"I believe that the police work very hard to support our community,ll to bring peace in our community," said Rep. Davis.
After expressing her own belief that Chicago police are doing their best to quell street violence, Davis says when she spoke on a Detroit radio station about Chicago's high percentage of unsolved murders, she was only repeating what some people in her district believe about some of the killings.
"Some people in my community believe the police may be involved in some of these murders," said Rep. Davis.
"I think it's absurd, I think it's inflammatory. I think it's also insulting," said Chicago Police Superintendent Garry McCarthy.
Supt. McCarthy dismissed the Davis observations and said they were not worth repeating or more discussion, but South Side resident Allen Lee says he's heard the rumors.
"I ain't going to say it is, I am not going to say it ain't, cause I've seen some cops do some wicked stuff, man," said Lee.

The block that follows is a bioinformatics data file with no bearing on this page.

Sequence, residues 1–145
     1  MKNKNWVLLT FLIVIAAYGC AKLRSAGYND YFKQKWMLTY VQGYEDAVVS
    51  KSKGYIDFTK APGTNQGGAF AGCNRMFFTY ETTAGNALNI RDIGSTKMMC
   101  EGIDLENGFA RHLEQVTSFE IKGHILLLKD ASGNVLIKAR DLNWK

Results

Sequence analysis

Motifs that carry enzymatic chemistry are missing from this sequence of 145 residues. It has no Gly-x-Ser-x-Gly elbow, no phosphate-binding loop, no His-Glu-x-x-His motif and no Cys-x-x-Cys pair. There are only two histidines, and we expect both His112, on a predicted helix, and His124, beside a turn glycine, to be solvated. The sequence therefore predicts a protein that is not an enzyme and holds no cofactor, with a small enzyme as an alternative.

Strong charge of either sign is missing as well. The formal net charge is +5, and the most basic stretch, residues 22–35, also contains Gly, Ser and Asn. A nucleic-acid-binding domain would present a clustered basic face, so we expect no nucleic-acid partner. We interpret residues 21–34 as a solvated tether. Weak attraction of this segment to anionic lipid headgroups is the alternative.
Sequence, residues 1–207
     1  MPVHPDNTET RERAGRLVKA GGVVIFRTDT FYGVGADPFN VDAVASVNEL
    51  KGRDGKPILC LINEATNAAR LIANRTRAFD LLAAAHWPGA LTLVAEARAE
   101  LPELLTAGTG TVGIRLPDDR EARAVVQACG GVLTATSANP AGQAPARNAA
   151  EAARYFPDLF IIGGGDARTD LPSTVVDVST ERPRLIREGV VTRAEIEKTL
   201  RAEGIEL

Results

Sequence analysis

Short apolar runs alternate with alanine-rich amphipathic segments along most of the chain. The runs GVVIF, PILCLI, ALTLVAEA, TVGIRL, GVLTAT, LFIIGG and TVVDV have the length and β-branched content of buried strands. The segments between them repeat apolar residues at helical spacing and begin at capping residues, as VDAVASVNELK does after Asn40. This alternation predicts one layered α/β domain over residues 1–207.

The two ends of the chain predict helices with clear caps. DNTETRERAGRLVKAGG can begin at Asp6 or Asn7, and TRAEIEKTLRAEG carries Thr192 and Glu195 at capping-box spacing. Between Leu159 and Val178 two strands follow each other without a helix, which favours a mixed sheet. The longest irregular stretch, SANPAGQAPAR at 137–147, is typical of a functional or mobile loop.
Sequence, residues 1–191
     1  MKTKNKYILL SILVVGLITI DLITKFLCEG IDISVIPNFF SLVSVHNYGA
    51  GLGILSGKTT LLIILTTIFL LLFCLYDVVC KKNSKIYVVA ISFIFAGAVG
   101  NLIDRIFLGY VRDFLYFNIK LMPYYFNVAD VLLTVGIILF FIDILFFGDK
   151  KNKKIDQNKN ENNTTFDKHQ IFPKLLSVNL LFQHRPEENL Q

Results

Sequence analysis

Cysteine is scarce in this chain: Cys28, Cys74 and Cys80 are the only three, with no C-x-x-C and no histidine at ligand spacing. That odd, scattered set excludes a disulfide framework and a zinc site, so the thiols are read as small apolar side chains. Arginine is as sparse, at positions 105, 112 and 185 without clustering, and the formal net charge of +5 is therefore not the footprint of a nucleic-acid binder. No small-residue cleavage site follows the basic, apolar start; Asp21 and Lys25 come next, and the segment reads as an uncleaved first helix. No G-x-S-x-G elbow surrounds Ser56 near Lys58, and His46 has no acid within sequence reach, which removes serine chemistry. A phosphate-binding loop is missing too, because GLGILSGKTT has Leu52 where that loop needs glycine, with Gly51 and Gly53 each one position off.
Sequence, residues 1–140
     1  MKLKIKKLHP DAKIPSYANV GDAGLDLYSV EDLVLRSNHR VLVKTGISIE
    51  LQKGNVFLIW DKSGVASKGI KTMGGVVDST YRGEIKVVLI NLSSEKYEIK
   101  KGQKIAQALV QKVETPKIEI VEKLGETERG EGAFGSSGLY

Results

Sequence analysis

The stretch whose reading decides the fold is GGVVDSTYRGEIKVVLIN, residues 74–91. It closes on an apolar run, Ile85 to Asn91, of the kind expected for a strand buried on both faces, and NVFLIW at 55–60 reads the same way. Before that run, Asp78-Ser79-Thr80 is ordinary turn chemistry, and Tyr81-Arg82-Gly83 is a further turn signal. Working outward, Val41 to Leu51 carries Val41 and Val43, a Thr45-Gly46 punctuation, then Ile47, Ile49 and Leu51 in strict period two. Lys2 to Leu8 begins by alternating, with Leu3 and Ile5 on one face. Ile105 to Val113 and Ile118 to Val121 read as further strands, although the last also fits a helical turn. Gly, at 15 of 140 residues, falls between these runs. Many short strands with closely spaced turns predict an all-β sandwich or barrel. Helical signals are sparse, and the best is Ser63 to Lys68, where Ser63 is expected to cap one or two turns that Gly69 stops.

And Karen the hairdresser says she hears clients all the time talk about unsolved murders the cops may have committed.
"People do think that, a lot of people think that. A lot of people in these neighborhoods like the Englewood neighborhood. We have clients from all over. I don't think she said anything out of the ordinary. That's a conversation that people have," said Karen, who did not provide a last name, a South Side hairdresser.
Davis says the incident is proof that the public image of Chicago police is still not recovered from high-profile brutality cases, and that she should not be condemned for saying what people think.
"I was repeating what has been said to me many times by the people of the community that I represent," said Rep. Davis.
Davis says police need to work more on improving their image in her community.
ABC7 talked to more than one person, several people actually, who told us they'd had discussions of the kind Rep. Davis described.